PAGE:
- The dollar index this morning is higher with the dollar/yen -0.07 yen and the euro/dollar -0.27 cents. The dollar index last Friday plunged to a 16-month low on the dollar's negative interest rate differentials along with strong exports from Germany: Dollar Index -0.513, USDJPY -0.167, EURUSD -0.01759. Bullish factors included (1) strength in the euro which rallied to a 14-3/4 month high against the dollar after Feb German exports rose more than expected to their best level in 5 months, (2) supportive interest rate differentials for the euro with the 3-month Euribor rate rising to a 1-3/4 year high of 1.294%, (3) strength in the British pound which rallied to a 14-1/2 month high against the dollar after Mar UK PPI output prices rose +5.4% y/y, their fastest pace of increase in 29 months, and (4) dollar negative comments from Atlanta Fed President Lockhart who said the Fed should be "patient" in withdrawing stimulus due to the fragile quality to the economy. A bearish factor were comments from ECB President Trichet who attempted to jawbone the dollar higher when he said that it's important that the US dollar is a "strong currency.
- May crude oil prices this morning are trading down -97 cents a barrel and May gasoline is -3.30 cents per gallon. Crude oil and gasoline prices last Friday rallied sharply as the dollar plunged and fighting intensified in Libya: CLK11 +$2.49, RBK11 +7.42. May crude posted a 2-1/2 year high and May gasoline soared to a 2-3/4 year high. Bullish factors included (1) the plunge in the dollar index to a 16-month low, which bolsters investment demand for commodities, (2) the ongoing strife in Libya with the prediction from Barclays Capital that damage to oilfields in Libya by forces loyal to Mummar Qaddafi are the "ultimate blow" to hopes for a prompt resumption of exports, and will help send oil prices towards $130 a barrel, and (3) the larger-than-expected increase in Feb German exports which boosts confidence in the global economic outlook and energy demand. A bearish factor was the report from JBC Energy GmbH that a jump in oil prices to an average of $125 a barrel this year may erode the economic recovery and reduce crude demand by 700,000 barrels a day.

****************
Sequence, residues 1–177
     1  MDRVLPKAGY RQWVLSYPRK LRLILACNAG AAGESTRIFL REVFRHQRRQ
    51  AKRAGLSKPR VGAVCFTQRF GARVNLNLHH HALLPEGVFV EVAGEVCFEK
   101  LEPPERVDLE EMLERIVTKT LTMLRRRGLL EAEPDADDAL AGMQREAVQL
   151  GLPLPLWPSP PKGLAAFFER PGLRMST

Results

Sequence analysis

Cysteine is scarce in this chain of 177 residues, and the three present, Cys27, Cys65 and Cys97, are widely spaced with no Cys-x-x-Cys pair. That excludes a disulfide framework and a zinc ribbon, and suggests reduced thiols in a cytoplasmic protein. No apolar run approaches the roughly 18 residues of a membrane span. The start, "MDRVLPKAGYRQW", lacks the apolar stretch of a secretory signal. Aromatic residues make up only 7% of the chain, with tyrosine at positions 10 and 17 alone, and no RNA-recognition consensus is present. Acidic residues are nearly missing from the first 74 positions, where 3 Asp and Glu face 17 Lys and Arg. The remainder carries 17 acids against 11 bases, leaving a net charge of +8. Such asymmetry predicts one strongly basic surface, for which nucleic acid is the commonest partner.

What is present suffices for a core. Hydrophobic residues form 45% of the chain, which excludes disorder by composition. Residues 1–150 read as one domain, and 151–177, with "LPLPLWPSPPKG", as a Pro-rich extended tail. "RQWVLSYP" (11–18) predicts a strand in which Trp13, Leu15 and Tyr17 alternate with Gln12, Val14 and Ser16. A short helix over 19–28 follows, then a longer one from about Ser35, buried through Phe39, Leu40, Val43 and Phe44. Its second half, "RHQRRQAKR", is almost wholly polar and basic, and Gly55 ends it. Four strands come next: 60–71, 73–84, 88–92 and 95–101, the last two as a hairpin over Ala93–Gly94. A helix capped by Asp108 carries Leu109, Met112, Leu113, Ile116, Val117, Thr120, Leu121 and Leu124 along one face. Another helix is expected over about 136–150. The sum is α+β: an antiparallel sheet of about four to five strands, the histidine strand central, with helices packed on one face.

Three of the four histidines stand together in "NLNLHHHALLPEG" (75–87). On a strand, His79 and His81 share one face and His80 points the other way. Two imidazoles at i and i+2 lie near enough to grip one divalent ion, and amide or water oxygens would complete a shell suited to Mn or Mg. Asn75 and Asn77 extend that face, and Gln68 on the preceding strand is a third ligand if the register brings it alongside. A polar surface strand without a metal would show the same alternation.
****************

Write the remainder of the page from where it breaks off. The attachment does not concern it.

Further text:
Global Financial Calendar
|0515 ET||New York Fed President William Dudley speaks on financial reform to the Institute of Regulation & Risk North Asia in Tokyo.|
|1130 ET||Weekly 3-mo and 6-mo T-bill auctions.|
|1215 ET||Fed Vice Chairman Janet Yellen speaks to the Economic Club of New York.|
|0245 ET||Feb French industrial production expected +0.5% m/m and +5.2% y/y, Jan +1.0% m/m and +5.4% y/y.|
|0245 ET||Feb French manufacturing production expected +0.7% m/m and +6,4% y/y, Jan +1.8% m/m and +6.8% y/y.|
|1130 ET||ECB Council member Axel Weber speaks in Bochum, Germany on ?The Role of Economic Policy after the Crisis.?|
|1901 ET||Mar UK RICS house price balance expected ?24%, Feb ?26%.|